This had caused some problems for the volunteers and their battalion commander Mick Leahy, as they were now not going to receive the information they were seeking and couldn’t return Coughlan’s body back to Cobh where the authorities would be looking for it and them. Leahy then instructed four men to dig a secluded grave that wouldn’t be easily located and to bury the man’s body there. Those four men in turn, believed there was an easier way of handling the matter and instead tied a weighted car axel to the man’s body with iron chains and dropped it in the harbour. Some weeks later the body washed up inland near Midleton and was later buried in a pauper’s grave at Knockgriffin cemetery in the town. Mick Leahy, in an interview some years later, said they had established solid proof about a month after Coughlan’s burial that he had been an informer.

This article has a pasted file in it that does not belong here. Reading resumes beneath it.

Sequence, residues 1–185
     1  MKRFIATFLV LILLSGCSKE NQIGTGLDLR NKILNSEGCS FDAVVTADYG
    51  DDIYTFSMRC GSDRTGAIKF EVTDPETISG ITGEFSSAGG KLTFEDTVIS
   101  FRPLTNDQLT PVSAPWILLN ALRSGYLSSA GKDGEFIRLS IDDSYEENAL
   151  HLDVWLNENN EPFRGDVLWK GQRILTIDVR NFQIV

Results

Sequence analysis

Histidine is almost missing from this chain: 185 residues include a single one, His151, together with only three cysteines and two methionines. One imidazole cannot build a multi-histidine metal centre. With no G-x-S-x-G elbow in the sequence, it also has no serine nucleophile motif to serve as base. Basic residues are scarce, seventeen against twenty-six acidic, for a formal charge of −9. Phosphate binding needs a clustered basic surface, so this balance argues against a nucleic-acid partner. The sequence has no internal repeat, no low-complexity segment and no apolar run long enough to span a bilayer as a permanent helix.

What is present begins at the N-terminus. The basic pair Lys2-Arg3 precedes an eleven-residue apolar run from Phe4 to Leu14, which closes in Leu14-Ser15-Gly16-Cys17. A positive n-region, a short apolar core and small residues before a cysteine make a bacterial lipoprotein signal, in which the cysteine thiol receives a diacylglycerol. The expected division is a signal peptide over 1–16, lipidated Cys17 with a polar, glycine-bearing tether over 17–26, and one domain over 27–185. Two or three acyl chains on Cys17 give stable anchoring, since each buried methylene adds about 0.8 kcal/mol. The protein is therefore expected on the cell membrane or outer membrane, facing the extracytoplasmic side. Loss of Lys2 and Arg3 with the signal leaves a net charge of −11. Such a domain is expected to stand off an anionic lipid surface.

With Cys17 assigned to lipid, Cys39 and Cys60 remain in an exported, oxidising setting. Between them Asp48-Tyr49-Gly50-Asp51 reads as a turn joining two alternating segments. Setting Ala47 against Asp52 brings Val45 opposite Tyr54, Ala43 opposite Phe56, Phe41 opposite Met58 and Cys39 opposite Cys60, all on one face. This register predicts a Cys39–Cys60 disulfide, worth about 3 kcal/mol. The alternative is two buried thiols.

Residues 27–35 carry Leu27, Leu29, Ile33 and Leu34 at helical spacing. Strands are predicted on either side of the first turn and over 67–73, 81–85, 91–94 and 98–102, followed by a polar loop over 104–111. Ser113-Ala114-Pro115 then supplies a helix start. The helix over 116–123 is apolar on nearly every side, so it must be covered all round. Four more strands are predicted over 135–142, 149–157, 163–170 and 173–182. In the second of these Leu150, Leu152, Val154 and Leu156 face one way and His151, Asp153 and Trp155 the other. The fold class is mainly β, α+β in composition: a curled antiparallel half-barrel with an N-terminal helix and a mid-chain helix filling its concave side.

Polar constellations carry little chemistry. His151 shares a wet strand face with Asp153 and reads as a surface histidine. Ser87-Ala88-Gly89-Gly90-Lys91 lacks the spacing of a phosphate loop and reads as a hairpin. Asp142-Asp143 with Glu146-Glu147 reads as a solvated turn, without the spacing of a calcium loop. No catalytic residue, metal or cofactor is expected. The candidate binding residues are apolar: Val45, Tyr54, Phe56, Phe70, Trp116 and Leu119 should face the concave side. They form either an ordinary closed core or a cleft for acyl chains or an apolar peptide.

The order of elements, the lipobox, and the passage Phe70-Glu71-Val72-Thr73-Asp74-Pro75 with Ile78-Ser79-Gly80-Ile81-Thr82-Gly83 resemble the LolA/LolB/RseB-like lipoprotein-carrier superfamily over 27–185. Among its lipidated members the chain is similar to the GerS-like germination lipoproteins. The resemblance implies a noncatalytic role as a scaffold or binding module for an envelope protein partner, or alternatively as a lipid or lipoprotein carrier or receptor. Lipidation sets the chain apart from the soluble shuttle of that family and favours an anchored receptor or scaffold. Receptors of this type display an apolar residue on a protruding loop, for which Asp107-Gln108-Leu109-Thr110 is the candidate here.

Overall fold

August – Staying in the vicinity of Bishop Street. About eighty yards up the hill from Barry’s Lane, a local woman, Mrs Coleman kept hens in an area known as the Quarry. The Quarry also had a blacksmiths forge which was run by John O’Connell. Part of the Quarry also bordered with an adjacent piece of land owned by the British military and was accessed to and from the nearby Admiralty. On the morning of 25th of August, while feeding her hens, Mrs Coleman noticed many soldiers behind a wire fence dismantling some military huts. The huts were formerly used by the ‘Cove Ex-Servicemen’s Association’ local men who had returned from WW1, but as things had now turned sour in the country with the British, the ex-servicemen had issued a public proclamation withdrawing their allegiance from the British Crown. The British in turn found no further reason to keep the empty huts and so began dismantling them. What really caught Mrs Coleman’s attention on the morning of the 25th, was that three soldiers stood out separate from the others and each was standing guard over a stack of rifles, just inside the wire fence, one each by the small wicket gates at either end of the Quarry, and a third in the middle behind the fence.